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Matthew Broyles is a busy man. As a musician, mostly performing under “The Matthew Show,” he plays several nights a week. In addition, he co-fronts the psych-folk outfit Ah Pook the Destroyer as well as lending his guitar playing talents to a bevy of local bands and singer-songwriters. He’s also a record producer, a radio host, a podcaster, and a novelist. In his latest venture, he’s combined these last three disciplines into not only something he’s never done but something that is seldom done at all anymore. He’s adapted his self-published sci-fi novel Rewired into an episodic audio play. He’s intending to bridge the audiobook format with that of a classic midcentury noir radio serial.

Using his big voice for something other than songs, Fort Worth roots singer-songwriter Levi Ray plays Harry in Rewired: A Radio Play.
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“When I put the book out a few years ago, people were like, ‘Oh, yeah. I want to read that!’ ” Broyles explained about his decision to adapt his first book to an audio format. “Then, a few months later I’d meet them again, and they’d go, ‘Man, I just haven’t had time to read lately. I’ve just been too busy.’ Yet most people I know will listen to podcasts or audio books or whatever while they’re doing other things. My thought was, if I want to get this story out there, in this modern age, this might be the best way to do it.”

With so many newer forms of media constantly competing for our attention, readership in general is steadily declining. Even those who have been lifelong readers have found that these days they have less and less time to devote to the task. Broyles’ thought to overcome that hurdle was by providing his content in a form most people still regularly consume. The first episode of Rewired: A Radio Play will be available via YouTube, Bandcamp, and the standard podcast platforms on Oct. 11, with new installments premiering every Wednesday for the duration of the staggering 26-episode run.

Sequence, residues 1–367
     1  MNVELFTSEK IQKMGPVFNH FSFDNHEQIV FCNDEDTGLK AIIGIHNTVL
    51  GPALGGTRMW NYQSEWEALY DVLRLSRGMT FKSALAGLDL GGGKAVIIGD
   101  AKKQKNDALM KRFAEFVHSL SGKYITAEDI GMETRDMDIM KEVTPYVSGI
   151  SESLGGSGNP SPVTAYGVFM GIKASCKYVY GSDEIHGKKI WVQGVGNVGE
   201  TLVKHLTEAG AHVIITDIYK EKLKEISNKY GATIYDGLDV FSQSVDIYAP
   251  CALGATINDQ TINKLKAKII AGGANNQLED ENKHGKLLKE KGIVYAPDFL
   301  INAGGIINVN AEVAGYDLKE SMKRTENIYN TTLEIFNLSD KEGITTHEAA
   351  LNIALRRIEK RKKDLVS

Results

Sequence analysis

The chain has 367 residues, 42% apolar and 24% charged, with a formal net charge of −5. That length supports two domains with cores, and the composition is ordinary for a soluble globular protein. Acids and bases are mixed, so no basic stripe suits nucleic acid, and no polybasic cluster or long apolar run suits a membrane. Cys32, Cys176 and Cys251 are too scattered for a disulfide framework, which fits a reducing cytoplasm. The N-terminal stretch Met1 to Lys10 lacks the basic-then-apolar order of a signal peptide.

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“Originally, I was just going to make an audiobook of me reading it,” he said, “but the more I thought about me doing all the various characters, I thought, ‘That’s going to get kind of confusing.’ Plus, that’s a long time to have to hear my own voice,” he added with a laugh.

A fan of classic radio serials like The Shadow and The Jack Benny Show, Broyles had the idea to do something similar with Rewired. The classic audio play format lends itself nicely to the noirish sci-fi subject matter.

Rewired centers on a dystopian near future where corporations have mastered an implemented total mind control. A certain percentage of the population have figured out how to detach from the control of the evil corporate baddies, yet the new psychological freedom comes at the cost of “hallucinations” of tiny humanoid creatures that split the populace into factions. It’s the sort of social commentary and religio-political themes that drive most of Broyles’ work.

Broyles’ narration station is where the story is brought to life.
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As a sound designer, audio engineer, and the main narrator, Broyles knew he had some of the necessary expertise to make it work. He just needed the other voices. For this, he reached out to his hometown artistic community.

“I have to say, Fort Worth showed up!” he said. “I didn’t know what the response was going to be when I put the call out, but I had a huge response. It’s really kind of like a community theater production, honestly. There’s really only a few people in the cast that aren’t local.”

Almost none of Rewired’s cast had any prior experience with acting or voiceover work. Fellow musicians-turned-first-time voice actors include singer-songwriters Stefan Prigmore, Keegan McInroe, Ben Napier, and Levi Ray, who trade lines with the likes of local comedian Monna and painter Trista Morris.

Throughout the arduous two-year undertaking, Broyles had to maintain a consistent vision for his characters and guide the fledgling voice actors through the process, though he often leaned toward the actors’ comfort over strict adherence to the source material.

“My main thing is just like, ‘Are you feeling it?’ ” he explained of his approach to the performers. “If you’re feeling it, then don’t overthink it too much. Just read it the way you would say it.”

There will be a release party on Monday at The Cicada on the Near Southside to celebrate the premiere of Rewired: A Radio Play. Much of the cast will reassemble to perform staged readings of the material in front of an audience. Broyles hopes it will help bring interest to the project.

“I feel like the listeners will be the judge,” he said. “I feel like we put the story across in a very engaging way and a way that is different. I think it’s a good representation of Fort Worth talent, and it’s a good story.”

 

Rewired: A Radio Play
8pm Mon at The Cicada, 1002 S Main St, FW.

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